Home Commodities Crypto Miners Are Prepared to Dig A Little Deeper

Crypto Miners Are Prepared to Dig A Little Deeper

by SuperiorInvest

Bitcoin euphoria is back, with new highs for much of this week, before falling a bit. So what would Sam do? Enterprising merchant Samuel Brannan coined it by selling equipment to prospectors rushing to California during the gold rush of the 1850s. It was a good business: gold pans, which before 1849 sold for 20 cents, soon They sold for 8 dollars.

Fast forward a couple of centuries to bitcoin fever: the price of bitcoin has nearly tripled in the past year to about $73,500, and miners incubating the tokens are riding the wave. Marathon Digital Holdings is up by a similar magnitude; Riot Platforms is up almost 60 percent.

Coin mining, as with any commodity, requires high-value equipment (in this case, high computing power) and a lot of energy; more, according to the Cambridge Blockchain Network Sustainability Index, than Egypt or Poland.

Also – as with oil or anything else extracted from the earth and the seabed – it requires a final price higher than the cost of production. Estimates for the cost of bitcoin production sit around $20,000, leaving miners comfortably in the money right now: Daily mining rewards hit a record high of $79 million on March 11, according to Blockchain.com data.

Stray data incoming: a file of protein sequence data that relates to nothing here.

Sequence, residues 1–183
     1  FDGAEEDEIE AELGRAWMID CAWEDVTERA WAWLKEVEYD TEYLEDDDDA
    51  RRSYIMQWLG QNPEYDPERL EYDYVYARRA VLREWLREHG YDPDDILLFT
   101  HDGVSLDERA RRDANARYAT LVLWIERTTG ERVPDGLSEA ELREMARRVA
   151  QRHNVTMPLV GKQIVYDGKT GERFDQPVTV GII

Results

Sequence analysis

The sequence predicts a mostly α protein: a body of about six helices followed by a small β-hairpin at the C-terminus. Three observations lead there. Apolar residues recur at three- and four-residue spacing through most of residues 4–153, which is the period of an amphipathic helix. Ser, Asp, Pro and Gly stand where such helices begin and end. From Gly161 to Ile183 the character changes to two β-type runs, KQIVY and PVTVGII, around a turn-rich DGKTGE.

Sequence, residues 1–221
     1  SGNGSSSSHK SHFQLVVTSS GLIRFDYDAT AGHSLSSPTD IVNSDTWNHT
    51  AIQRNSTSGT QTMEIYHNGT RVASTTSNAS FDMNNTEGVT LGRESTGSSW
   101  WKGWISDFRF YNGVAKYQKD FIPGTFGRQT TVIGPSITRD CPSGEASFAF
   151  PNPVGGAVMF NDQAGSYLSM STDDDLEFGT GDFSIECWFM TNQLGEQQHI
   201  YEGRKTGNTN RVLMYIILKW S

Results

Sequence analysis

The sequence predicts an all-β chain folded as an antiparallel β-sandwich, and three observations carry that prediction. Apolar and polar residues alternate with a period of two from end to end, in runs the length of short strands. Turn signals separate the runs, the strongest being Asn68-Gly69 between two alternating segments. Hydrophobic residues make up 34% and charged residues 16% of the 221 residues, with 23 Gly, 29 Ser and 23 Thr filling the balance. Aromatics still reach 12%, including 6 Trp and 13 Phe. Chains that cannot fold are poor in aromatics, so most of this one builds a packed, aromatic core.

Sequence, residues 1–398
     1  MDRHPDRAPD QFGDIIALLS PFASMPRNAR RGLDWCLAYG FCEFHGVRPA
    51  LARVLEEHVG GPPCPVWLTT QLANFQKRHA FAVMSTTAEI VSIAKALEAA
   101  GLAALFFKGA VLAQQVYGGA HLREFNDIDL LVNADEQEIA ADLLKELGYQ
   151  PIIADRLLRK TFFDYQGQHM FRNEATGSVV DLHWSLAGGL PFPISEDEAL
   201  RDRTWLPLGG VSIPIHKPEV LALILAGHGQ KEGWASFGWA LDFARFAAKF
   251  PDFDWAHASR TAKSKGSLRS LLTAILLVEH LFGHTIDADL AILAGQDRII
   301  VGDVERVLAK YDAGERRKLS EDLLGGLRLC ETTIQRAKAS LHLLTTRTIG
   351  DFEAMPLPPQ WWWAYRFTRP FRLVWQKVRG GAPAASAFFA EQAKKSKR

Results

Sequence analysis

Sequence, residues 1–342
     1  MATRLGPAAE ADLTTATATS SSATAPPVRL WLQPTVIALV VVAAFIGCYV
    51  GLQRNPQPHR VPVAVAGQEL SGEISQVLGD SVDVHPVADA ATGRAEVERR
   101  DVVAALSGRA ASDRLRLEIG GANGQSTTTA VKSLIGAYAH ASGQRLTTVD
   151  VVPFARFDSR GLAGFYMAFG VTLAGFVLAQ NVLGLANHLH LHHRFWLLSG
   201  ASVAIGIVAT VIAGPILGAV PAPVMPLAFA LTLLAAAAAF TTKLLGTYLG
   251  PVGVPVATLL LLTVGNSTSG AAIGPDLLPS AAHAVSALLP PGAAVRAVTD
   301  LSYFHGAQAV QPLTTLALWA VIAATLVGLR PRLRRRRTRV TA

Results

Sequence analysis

To be sure, bitcoin won't recover forever and mining is a brutal business; Many players have been eliminated. Of the dozen publicly traded names, primarily in North America, only three have market capitalizations above $1 billion. Mining rigs are inherently more expensive as efficiency improves and three big manufacturers (Bitmain, Canaan and MicroBT) dominate.

Current threats include environmental concerns that the industry is gobbling up electricity and increased regulatory scrutiny. EU cryptoasset markets will begin to come into effect towards the second half of the year; In the US, half of CFTC actions last fiscal year were taken against digital assets. Meanwhile, competition is growing, especially from states such as the United Arab Emirates and Bhutan and from wealthy (generally industrial) families.

The recent approval of ETFs, which have attracted more than $70 billion in inflows in just two months, is more nuanced. Investors could use them as substitutes for miners, making them a substitution rather than additional demand.

Two charts: the first is a dual-axis chart showing the retraced stock prices of bitcoin miners along with the price of bitcoin;  the second is a bar graph that shows

More immediate is next month's “halving,” an event that takes place roughly every four years and is designed to mimic real-world supply constraints. Miners will have to work twice as hard for the same money as the number of bitcoin rewards drops from 6.25 to 3.125; Or put another way, all things being equal, production costs will double to approximately $50,000.

However, things are unlikely to be that dire. On the one hand, well-funded miners spend the lead-up period purchasing more efficient equipment. Note: More than a few own bitcoins, ensuring deep pockets.

At the other extreme, some miners will simply retire or be bought out; see, for example, Marathon's $179 million purchases late last year. JPMorgan estimates a 20 percent drop after the halving in hashrate, a measure of computing power used. Other miners, like Bitdeer, are getting into rig manufacturing themselves.